Early on in my ministry this crippled me; I immediately felt disqualified. After all, I wasn’t so sure I would take a 23-year-old girl walking into my hospital room claiming to be a chaplain seriously.  When I operated under the authority of my insecurities, I realized the hindrances they posed to the possibilities of effective ministry. I came to a point where I placed my security in the Lord and His Word versus holding on to the insecurities that I was allowing to take root. It was only when I surrendered this to the Lord that I began to see the full impact that He was having through this ministry.

All these things remind me of the importance of the chaplain’s ministry and why I have a heart to serve here. Though I have faced challenges the Lord has been incredibly gracious to me and taught me so much through this ministry. I love being able to serve those in some of their most hurting, life-altering moments with the love and Gospel of Christ.

If you have any questions for about chaplaincy, being called as woman to ministry, or anything else you’re curious about, please leave a comment! Whitney would love to answer any questions you might have about chaplaincy or her journey!

10 thoughts on “Interview with a Female Hospital Chaplain

  1. I would love to know how you handle patients who identify themselves of non-Christian or non-evangelical faiths. Are you required to lead prayers or end of life rituals and how do you handle these situations. Besides overcoming your insecurities, what would you say are your biggest challenges as a female chaplain? Do you have any part in leading the hospital staff in ceremonies or inservices recognizing non-Christian holidays and how do you handle these situations. Thanks!

  2. Those are great questions. Let me preface by saying it depends on what type of hospital you are working for. I was working for a private hospital that was originally started on a Christian foundation. This provided me with complete freedom to serve as a Christian. I definitely had several patients who were from all types of religous and non-religous backgrounds; however, I was by no means required to participate in any type of religous practice that was outside of my belief system. When I have encountered patients or their families asking me to participate in or perform an activity outside my belief system I had the freedom to decline. I ministered to non-Christians within the hospital the same way I would minister to them outside of a hospital, keeping in mind they are experiencing a very sensitive situation. Again, this was within a private hospital setting. These are the types of questions that one should ask upfront before beginning employment with a new organization or hospital. This way there are no surprises.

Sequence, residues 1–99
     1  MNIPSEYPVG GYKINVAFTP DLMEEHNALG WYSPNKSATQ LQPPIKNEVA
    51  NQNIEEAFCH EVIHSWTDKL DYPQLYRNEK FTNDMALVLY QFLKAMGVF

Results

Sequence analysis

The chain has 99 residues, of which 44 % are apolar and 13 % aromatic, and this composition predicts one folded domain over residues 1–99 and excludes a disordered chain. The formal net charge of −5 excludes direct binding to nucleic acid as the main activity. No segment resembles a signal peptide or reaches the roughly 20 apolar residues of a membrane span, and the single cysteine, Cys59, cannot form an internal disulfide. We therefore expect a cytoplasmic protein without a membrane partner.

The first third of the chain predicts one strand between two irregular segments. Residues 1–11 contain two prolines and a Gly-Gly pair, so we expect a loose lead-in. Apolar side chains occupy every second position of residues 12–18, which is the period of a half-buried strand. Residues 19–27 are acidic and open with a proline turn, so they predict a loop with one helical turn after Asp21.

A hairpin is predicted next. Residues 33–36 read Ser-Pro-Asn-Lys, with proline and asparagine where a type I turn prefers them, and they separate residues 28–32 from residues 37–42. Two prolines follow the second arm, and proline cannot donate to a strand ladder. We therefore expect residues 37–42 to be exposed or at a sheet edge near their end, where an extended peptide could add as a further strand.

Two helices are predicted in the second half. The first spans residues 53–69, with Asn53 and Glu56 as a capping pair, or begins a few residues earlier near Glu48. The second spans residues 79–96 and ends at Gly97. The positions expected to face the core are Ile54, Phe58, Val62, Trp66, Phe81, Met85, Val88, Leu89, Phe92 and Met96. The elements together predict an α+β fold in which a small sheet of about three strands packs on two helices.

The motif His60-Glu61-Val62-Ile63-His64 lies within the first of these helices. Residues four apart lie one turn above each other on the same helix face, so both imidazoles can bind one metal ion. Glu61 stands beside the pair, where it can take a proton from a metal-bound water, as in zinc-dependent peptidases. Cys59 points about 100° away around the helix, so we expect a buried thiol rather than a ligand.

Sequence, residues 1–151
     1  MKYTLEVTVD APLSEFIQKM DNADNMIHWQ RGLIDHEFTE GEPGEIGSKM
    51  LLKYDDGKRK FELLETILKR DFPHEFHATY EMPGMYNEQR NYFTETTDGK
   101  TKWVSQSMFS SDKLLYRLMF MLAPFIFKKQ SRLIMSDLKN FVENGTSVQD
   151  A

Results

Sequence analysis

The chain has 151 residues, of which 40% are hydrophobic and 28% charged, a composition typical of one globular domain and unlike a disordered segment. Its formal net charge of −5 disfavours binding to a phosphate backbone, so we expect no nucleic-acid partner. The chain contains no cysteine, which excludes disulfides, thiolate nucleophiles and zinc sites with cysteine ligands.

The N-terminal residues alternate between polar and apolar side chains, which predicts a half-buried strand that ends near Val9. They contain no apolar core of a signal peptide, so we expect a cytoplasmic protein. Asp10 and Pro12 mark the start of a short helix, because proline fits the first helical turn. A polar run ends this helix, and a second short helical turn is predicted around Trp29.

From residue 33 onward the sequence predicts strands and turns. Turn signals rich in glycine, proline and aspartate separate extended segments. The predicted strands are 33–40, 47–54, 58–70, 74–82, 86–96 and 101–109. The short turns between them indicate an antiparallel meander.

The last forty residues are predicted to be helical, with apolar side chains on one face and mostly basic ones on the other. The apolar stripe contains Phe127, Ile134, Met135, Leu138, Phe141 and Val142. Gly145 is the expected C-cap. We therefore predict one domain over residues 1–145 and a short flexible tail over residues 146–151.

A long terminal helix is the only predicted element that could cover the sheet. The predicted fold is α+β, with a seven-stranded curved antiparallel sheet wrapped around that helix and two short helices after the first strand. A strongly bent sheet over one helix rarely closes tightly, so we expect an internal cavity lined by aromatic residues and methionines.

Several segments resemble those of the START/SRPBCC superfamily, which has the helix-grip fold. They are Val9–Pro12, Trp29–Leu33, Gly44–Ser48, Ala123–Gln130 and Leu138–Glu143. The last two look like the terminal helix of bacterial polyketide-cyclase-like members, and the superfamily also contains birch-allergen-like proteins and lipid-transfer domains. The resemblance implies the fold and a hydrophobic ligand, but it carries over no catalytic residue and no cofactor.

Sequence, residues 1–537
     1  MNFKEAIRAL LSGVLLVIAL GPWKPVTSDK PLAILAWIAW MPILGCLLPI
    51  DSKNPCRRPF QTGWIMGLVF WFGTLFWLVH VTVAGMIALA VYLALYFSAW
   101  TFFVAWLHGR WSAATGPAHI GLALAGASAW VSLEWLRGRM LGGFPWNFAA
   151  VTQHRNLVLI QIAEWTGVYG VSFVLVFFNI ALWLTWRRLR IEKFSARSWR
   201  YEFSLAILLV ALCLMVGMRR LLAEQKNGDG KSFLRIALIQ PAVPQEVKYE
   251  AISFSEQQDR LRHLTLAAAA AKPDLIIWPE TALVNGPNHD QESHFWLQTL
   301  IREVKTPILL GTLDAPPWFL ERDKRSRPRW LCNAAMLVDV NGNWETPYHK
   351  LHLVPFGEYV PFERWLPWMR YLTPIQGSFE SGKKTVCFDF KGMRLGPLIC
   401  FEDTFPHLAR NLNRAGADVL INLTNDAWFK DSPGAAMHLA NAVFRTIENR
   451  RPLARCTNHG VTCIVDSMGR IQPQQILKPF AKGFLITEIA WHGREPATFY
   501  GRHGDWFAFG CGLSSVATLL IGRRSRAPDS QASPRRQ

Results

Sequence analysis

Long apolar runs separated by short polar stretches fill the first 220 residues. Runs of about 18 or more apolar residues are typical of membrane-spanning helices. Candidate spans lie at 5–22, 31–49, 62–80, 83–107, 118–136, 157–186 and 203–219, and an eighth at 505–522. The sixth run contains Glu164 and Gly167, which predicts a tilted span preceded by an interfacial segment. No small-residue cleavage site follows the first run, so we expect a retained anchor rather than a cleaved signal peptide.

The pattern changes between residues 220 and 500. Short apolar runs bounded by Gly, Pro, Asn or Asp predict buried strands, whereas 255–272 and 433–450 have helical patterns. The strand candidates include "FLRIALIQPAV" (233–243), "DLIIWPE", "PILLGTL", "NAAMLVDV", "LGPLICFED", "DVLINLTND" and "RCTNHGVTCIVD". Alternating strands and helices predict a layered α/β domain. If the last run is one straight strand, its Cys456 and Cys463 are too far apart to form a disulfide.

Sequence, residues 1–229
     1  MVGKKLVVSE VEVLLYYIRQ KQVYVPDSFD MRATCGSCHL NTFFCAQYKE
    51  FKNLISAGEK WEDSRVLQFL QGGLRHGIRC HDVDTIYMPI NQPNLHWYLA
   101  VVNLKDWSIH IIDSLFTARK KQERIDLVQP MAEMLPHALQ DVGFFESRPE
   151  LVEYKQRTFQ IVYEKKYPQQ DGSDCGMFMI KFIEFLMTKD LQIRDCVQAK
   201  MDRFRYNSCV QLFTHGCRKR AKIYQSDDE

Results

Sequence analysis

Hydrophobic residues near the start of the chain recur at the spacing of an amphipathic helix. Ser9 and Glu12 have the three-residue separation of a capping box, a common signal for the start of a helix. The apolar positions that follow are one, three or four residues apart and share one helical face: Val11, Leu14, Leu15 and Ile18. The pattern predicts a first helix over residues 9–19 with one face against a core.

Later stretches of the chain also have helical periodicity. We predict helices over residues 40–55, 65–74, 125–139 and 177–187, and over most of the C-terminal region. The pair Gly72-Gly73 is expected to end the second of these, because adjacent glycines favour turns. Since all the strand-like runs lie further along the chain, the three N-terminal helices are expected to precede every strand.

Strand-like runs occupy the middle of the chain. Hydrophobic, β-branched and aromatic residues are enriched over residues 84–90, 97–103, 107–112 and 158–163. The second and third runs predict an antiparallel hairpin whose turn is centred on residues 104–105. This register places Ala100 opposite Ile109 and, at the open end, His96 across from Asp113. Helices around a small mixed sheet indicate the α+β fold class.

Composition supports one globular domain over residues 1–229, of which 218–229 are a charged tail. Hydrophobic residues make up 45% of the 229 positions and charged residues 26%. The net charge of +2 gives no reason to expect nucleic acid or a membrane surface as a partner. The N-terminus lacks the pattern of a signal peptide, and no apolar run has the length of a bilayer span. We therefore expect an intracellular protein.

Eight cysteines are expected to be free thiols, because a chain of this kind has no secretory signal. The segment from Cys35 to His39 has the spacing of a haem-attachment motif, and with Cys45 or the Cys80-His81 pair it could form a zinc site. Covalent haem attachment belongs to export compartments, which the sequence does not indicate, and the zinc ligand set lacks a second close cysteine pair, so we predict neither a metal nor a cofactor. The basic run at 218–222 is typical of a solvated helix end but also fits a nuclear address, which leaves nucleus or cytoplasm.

As I mentioned earlier, one of the greatest challenges I faced as a female chaplain came from the resistance from the families or patients themselves. This resistance was mainly in the form of surprise that a woman just walked in their room claiming to be the chaplain. I didn’t exactly fit their cookie-cutter view of what a chaplain should look like. To be completely honest, once they got over the inital surprise most people were fine with it. Regardless of their reaction, one must operate with security in the Lord and the truth of His word, rather than operating under fear of man. Hope this helps clarify and answer your question!

  3. Thanks! I’ve worked as an RN for many years now and in many different settings. I can’t say I’ve ever worked for a Christian hospital, though. I also earned my MDiv several years ago and would love to be able to use it along with my years of RN experience. Never thought of chaplaincy, but maybe someday? 🙂

  4. Wondering if you still answer questions here — I have the opposite problem in age, I am older (52) and praying about going back for my masters degree in chaplaincy. You are working my dream job, if you are still currently working at a hospital. How difficult was it to obtain that position?

    Thank you.

  5. Im arlen.. I have a bachelor’s in Religion and for many years I have served in my church. I have the chance to be a chaplain at my local hospital because I meet the minimum requirements to be one.
    I was wondering if you can guide me if this is something you think I will be able to do aa a women and a person? What are things I should know about being a chaplain?

  6. Hi Whitney! My name is Hannah Price, and I am a senior nursing student. I love the Lord and I feel like I am being called into ministry. I recently learned about the role a chaplain plays in a hospital, and I’m interested to know more!.
    Hannah Price

  7. Good Morning Whitney,
    I am interested in becoming a Healthcare Chaplain , I am currently enrolled in a graduate program to obtain a Master’s Degree in Religious Studies. I noticed that you have a Mater’s in Divinity. Just wanted to make sure that I am on the right track with my focus being Master’s in Religious Studies to be able to get a job and serve as a Healthcare Chaplain.

  8. Thanks for sharing your experience.
    Is a chaplain come from a certain denomination? What s your typical day look like?

  9. Hallo Whitney,Thanks for sharing,this got me very interested coz ave done hospital chaplaincy as a course in Kenya n would want to interact more with you coz u r doing something I’s my E mail r